I had both of my children at home attended by lay midwives. They were former RN's that had given up their licenses to practice homebirth. I also had an apprentice at each birth. I also had private insurance which would have cost me about $50 for each birth. Instead my last homebirth was $1000 out of pocket (this was 13 years ago). My midwifes spent a considerable more amount of time with me than my physicians did with either of my pregnancies. I saw the physicians for maybe 5 minutes each visit, where the midwives, it was at least an hour. I also had great post partum care with the midwife coming to my house on day 1, 3, 5, 7 and me seeing her at her place at week 2 and week 6. I couldnt have asked for more attentive or professional care for myself or my children.
  13. Visit  Penguinelane profile page
    0
    Many attending births at home do not carry malpractice insurance.

    When the client (patient) makes her own decisions re. care and is responsible for her own health, there is not historically as much of a need. Out of hospital midwives are rarely sued.

    Most of them, however, are not nurses, and follow a direct-entry route other than that followed by the CM.

    The malpractice insurance available costs a miniscule amount in relation to that charged to the OB.

    There has not, in the last 30 years since records have been kept, been a fetal demise as the result of an out of hospital birth. In the event of a hospital transport, the homebirth midwife still carries the statistic.

    Most out of hospital midwives do not take nurses with them to births. Instead, other midwives or apprentice midwives are taken.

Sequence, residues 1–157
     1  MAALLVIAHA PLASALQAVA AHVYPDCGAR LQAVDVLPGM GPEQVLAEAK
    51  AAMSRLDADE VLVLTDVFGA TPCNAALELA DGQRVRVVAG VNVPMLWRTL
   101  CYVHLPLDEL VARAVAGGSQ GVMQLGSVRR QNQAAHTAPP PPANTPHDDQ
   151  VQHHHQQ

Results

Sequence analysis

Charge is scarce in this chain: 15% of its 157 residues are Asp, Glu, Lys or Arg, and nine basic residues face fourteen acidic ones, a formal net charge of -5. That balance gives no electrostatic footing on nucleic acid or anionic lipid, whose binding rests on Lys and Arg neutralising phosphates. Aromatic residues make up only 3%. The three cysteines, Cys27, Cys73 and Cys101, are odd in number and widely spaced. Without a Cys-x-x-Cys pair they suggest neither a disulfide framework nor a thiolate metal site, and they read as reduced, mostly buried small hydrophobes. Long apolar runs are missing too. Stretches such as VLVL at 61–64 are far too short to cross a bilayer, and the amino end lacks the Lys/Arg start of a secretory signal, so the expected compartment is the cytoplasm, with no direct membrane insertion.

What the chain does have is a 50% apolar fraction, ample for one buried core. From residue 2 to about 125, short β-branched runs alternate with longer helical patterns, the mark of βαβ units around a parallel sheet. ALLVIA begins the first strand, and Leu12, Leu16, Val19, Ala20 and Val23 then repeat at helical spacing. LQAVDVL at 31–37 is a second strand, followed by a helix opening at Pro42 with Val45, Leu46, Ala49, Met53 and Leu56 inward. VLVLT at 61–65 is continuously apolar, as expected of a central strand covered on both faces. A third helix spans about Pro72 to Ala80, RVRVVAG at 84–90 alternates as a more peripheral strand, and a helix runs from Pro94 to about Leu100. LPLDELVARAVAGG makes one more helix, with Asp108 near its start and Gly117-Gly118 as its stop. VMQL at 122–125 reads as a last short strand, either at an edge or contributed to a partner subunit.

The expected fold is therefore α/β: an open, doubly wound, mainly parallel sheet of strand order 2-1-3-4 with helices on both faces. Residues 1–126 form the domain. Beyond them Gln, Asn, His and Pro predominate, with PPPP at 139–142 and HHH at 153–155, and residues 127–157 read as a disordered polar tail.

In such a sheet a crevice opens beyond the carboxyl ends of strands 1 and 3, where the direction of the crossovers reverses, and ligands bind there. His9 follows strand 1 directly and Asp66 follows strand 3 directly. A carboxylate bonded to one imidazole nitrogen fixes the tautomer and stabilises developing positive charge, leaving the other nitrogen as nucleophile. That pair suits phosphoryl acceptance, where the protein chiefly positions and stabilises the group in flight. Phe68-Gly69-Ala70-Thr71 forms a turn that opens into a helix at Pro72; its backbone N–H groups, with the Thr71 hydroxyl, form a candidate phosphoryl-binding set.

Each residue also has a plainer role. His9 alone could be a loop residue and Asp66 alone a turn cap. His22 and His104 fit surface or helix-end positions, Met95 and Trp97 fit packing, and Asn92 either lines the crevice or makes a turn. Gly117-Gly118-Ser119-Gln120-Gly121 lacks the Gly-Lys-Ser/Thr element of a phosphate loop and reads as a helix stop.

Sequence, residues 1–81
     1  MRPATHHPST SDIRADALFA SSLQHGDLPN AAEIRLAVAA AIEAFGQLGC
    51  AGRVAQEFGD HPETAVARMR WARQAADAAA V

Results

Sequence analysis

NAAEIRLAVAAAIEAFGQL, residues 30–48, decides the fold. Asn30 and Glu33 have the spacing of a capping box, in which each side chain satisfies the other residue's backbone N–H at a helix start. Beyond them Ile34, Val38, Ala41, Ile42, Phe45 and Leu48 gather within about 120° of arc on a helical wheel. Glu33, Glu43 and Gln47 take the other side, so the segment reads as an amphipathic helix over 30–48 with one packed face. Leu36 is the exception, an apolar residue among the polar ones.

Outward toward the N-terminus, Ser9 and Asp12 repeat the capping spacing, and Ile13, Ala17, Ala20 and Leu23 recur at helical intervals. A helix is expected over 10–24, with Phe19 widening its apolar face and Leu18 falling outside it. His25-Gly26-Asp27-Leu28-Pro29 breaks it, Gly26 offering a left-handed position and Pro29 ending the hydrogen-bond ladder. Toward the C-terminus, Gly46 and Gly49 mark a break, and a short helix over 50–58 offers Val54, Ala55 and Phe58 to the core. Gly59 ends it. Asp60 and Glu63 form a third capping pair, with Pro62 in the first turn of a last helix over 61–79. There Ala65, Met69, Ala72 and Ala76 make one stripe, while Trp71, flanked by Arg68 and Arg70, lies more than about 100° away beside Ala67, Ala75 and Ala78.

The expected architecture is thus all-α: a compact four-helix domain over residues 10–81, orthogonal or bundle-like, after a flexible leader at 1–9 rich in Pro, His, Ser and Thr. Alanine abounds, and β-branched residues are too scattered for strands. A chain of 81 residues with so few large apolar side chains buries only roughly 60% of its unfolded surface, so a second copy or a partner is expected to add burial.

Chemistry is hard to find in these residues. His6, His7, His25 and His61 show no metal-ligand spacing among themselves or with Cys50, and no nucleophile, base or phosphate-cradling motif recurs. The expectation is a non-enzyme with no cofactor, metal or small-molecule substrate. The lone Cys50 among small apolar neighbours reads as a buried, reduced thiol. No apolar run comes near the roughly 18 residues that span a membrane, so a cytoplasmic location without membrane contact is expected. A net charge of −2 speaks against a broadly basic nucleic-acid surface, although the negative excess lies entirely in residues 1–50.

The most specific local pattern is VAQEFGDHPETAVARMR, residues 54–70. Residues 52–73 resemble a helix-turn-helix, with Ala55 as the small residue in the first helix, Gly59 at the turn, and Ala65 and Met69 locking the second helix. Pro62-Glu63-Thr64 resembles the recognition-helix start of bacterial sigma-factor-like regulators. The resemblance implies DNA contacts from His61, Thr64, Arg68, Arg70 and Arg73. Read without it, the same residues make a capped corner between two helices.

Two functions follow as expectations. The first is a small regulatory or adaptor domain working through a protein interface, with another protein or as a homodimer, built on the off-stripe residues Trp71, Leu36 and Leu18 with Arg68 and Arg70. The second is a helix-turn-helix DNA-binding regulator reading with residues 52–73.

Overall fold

14. Visit  Jolie profile page
    0
    Quote from Penguinelane

    There has not, in the last 30 years since records have been kept, been a fetal demise as the result of an out of hospital birth. In the event of a hospital transport, the homebirth midwife still carries the statistic.
    .
    Please cite the source of this statistic.

    I personally know of a case of a non-nurse midwife in IL who attended the delivery of a stillborn infant who was "stuck" with shoulder dystocia for a prolonged period of time. Help was not summoned until the infant delivered, and could not be resuscitated.

    I am not trying to argue that similar tragedies don't occur in hospitals. They do.

    I am a proponent of informed parental choice in deliveries (home vs hospital vs birthing center).

    But, in order for parents to make an informed choice, they must have access to accurate information. I don't believe this is accurate information.